At trial, Appellant maintained she did not know who Royston was; she turned her car around to retrieve her purse; and Royston jumped in front of her car. These positions clearly were taken by Appellant to portray herself not only as innocent of the assault charge against her, but moreover as a victim of a strange man physically confronting her, trying to steal her car and then her purse, and actually jumping on top of her car. Therefore, it was permissible for the State to counteract Appellant's version of the events. Any competent testimony that tends to explain, counteract, repel or disprove evidence offered by defendant may be offered in rebuttal of the defendant's testimony or evidence. State v. Gillespie, 401 S.W.3d 560, 563 (Mo.App. E.D. 2013). " If the defendant raises an issue directly or by implication, the prosecutor can present otherwise inadmissible testimony to counteract the negative inference the defense has injected into the case." Id.
Based on the foregoing, it was not an abuse of the trial court's discretion to allow the State to present Officer Banks's testimony that Appellant had told the police officer at the scene and at the station afterward that she did in fact know who Royston was and she knew why he wanted to repossess the Intrepid from her at the gas station, i.e., because he had sold her the car and she had missed two payments on it. She also never mentioned a purse in any capacity to Officer Banks. This testimony and Officer Banks's refreshment of his recollection of Appellant's official statement to him the day of the incident by looking at the police report were proper, relevant and admissible to counteract and rebut Appellant's version of events to which she testified at trial. Gillespie, 401 S.W.3d at 563. Accordingly, Point II is denied.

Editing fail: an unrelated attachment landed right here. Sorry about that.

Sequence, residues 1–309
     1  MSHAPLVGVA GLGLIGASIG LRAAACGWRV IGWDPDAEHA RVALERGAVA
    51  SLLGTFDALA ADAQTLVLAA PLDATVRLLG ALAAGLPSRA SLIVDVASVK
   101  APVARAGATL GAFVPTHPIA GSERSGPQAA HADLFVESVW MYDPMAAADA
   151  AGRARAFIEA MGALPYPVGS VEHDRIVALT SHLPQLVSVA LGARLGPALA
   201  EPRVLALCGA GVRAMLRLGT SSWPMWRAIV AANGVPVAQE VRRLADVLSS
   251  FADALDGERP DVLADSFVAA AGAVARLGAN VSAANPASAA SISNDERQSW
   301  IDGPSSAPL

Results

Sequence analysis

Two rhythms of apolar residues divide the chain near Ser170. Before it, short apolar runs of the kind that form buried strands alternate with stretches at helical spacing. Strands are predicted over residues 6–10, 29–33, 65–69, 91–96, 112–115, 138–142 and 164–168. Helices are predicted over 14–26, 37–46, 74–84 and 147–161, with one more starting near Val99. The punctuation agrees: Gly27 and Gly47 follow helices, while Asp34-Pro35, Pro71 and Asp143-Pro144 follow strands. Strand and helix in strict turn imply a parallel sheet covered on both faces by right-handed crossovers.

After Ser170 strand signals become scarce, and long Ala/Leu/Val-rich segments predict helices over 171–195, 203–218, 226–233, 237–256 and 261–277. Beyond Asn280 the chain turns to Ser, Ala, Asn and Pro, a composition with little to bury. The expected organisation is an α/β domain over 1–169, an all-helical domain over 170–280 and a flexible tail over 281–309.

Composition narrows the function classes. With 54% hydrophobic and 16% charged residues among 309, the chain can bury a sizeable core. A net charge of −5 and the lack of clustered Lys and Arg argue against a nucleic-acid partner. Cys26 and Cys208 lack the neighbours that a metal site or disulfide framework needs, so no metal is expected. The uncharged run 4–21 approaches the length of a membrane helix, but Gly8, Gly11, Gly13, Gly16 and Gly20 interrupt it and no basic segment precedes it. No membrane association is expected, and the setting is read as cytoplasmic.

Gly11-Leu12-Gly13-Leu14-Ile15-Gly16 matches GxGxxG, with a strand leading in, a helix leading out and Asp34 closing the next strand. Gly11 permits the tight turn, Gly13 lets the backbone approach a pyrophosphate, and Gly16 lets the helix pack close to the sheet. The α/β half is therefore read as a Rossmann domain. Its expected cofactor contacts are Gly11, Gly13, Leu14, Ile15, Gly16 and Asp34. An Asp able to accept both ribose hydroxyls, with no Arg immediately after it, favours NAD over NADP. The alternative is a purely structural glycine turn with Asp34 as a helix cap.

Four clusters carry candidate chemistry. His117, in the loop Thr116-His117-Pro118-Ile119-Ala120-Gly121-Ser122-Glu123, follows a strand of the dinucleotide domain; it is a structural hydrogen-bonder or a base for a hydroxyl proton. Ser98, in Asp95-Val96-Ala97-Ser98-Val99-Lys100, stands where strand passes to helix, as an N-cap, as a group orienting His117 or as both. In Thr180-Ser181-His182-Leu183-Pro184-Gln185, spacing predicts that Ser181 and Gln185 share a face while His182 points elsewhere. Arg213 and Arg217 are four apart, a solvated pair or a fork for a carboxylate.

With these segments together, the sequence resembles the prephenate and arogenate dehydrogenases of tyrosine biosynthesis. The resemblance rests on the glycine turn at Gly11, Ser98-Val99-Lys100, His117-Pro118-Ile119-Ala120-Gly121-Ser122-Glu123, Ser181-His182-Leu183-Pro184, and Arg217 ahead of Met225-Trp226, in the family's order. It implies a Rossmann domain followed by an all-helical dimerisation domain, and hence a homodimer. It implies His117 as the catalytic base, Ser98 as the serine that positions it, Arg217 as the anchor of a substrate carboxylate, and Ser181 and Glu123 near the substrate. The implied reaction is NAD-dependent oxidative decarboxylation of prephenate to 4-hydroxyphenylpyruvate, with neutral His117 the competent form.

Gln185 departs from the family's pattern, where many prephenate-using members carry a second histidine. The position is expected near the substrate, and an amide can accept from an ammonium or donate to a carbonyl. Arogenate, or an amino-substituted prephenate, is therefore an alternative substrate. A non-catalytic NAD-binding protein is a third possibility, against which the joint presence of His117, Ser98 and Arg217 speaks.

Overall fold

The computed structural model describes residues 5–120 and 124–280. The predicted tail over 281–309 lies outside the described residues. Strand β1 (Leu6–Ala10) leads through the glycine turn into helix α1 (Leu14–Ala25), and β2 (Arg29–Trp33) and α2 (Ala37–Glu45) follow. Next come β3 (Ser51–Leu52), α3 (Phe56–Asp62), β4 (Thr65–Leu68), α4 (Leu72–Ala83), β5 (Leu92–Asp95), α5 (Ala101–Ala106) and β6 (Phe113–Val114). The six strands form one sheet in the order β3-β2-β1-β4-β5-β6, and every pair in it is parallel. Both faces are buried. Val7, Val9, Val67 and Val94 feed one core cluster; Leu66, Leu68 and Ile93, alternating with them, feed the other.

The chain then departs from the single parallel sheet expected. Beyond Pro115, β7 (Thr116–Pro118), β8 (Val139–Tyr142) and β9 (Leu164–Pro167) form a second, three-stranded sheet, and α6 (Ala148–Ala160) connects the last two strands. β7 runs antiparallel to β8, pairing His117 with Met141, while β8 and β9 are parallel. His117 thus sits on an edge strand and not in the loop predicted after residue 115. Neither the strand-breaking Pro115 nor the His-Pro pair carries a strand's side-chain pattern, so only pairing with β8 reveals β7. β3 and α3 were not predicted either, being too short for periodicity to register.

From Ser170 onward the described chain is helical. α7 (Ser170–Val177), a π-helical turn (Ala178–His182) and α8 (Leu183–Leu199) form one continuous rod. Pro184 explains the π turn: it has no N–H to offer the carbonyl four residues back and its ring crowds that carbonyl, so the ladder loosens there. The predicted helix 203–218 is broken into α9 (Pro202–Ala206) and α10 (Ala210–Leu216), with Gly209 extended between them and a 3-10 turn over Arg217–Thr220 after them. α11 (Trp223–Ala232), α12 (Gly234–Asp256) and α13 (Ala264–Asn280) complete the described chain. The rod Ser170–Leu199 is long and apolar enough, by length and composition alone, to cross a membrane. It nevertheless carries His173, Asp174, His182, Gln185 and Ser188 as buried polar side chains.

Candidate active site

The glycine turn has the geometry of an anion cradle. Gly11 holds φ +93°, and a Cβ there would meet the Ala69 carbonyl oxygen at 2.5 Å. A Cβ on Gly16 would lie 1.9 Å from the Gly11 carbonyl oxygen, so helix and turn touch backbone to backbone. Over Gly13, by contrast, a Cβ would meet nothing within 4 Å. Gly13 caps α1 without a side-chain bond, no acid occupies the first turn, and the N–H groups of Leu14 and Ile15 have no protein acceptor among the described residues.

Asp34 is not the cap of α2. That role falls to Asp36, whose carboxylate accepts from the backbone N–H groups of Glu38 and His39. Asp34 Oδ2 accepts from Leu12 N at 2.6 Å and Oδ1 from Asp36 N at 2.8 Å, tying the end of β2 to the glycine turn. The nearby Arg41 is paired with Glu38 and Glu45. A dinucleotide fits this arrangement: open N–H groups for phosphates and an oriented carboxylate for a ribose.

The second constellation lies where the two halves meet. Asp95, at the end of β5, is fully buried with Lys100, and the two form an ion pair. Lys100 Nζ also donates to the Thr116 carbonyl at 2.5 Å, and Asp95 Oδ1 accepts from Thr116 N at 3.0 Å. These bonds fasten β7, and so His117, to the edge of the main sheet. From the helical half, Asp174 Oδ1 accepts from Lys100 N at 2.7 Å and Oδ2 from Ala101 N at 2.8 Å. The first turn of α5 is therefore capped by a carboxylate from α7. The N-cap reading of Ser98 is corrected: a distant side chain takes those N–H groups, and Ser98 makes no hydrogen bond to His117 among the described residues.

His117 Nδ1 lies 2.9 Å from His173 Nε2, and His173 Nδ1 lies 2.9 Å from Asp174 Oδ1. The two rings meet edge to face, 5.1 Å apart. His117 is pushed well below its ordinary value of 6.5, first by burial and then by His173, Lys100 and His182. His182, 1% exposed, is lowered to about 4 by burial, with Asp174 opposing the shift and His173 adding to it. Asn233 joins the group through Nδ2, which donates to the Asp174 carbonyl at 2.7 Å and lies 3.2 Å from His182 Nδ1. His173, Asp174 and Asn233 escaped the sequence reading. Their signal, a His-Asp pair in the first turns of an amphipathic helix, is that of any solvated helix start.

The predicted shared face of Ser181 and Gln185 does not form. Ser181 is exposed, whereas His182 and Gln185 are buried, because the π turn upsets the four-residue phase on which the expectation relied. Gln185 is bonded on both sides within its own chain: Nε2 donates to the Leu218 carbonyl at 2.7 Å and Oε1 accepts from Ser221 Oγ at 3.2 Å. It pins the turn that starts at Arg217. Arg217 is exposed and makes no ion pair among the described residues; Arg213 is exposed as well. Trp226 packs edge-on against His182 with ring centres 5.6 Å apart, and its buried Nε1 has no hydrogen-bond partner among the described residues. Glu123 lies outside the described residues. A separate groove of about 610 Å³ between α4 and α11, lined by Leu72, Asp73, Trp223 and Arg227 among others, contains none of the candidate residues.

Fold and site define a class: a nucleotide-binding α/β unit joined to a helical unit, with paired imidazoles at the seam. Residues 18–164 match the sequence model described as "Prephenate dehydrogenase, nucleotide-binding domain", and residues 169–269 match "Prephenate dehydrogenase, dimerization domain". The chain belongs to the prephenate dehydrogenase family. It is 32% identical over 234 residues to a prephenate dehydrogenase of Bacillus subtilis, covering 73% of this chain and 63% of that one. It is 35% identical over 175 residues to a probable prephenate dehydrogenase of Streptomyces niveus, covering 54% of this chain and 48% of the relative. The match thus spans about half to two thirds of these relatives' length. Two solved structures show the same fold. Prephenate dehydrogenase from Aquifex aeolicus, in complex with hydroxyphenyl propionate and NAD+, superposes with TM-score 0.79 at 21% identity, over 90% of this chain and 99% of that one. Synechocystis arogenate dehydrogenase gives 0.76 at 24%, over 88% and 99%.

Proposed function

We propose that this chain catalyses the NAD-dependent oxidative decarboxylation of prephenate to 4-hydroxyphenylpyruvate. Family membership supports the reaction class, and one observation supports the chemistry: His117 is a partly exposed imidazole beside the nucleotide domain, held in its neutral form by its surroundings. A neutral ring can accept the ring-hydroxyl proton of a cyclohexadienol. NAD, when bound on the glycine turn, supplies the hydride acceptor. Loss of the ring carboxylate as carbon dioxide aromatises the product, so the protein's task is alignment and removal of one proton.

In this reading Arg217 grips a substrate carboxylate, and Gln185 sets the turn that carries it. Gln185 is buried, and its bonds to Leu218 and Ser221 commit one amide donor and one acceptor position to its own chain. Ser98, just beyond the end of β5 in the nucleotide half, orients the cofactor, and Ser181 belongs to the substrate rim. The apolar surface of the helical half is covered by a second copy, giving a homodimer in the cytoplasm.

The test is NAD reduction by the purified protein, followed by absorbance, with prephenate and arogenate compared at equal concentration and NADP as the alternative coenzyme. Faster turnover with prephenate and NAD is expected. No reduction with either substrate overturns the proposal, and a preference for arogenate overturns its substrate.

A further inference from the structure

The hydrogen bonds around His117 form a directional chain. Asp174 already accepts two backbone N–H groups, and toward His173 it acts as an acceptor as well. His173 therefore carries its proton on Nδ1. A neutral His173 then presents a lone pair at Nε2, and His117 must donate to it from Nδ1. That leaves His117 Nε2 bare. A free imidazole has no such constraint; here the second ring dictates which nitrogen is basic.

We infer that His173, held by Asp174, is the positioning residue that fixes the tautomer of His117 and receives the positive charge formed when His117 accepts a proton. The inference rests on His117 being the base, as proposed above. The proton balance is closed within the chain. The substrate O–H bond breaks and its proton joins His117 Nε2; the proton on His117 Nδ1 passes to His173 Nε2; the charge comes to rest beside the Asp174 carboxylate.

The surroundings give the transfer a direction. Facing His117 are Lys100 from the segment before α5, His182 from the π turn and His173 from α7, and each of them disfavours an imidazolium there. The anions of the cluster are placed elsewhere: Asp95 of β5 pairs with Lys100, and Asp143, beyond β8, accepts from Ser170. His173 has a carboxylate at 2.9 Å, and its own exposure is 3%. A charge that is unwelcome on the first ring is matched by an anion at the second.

Point III -- State's Closing Argument
Appellant takes issue with the State's closing argument.
THE STATE: Did they say why she did this? I don't think anybody would understand why someone would hit someone with a car, but we do know she attempted to do so. ... Why does somebody shoot somebody? Why does somebody beat on their child ?
A trial court has broad discretion to permit or prohibit statements during closing argument, and this Court does not reverse the trial court's ruling unless the trial court abuses this discretion and prejudices the defendant. State v. Brown, 337 S.W.3d 12, 19 (Mo.banc 2011). In order for the statements to have prejudiced Appellant, there must be a reasonable probability that the verdict would have been different had the statements been prohibited. Id. We find there is no reasonable probability the statements affected the jury's verdict, especially in light of the great weight of evidence demonstrating Appellant's guilt. Several eyewitnesses testified they observed Appellant drive away from the gas station dragging Royston, propelling him into the street before turning around and striking him with her car. Given this evidence, we conclude Appellant was not prejudiced by the court's allowance of the statements. Accordingly, the trial court did not abuse its discretion in permitting the State to proceed. Point III is denied.
The trial court's judgment is affirmed.
Mary K. Hoff, J., and Philip M. Hess, J., concur.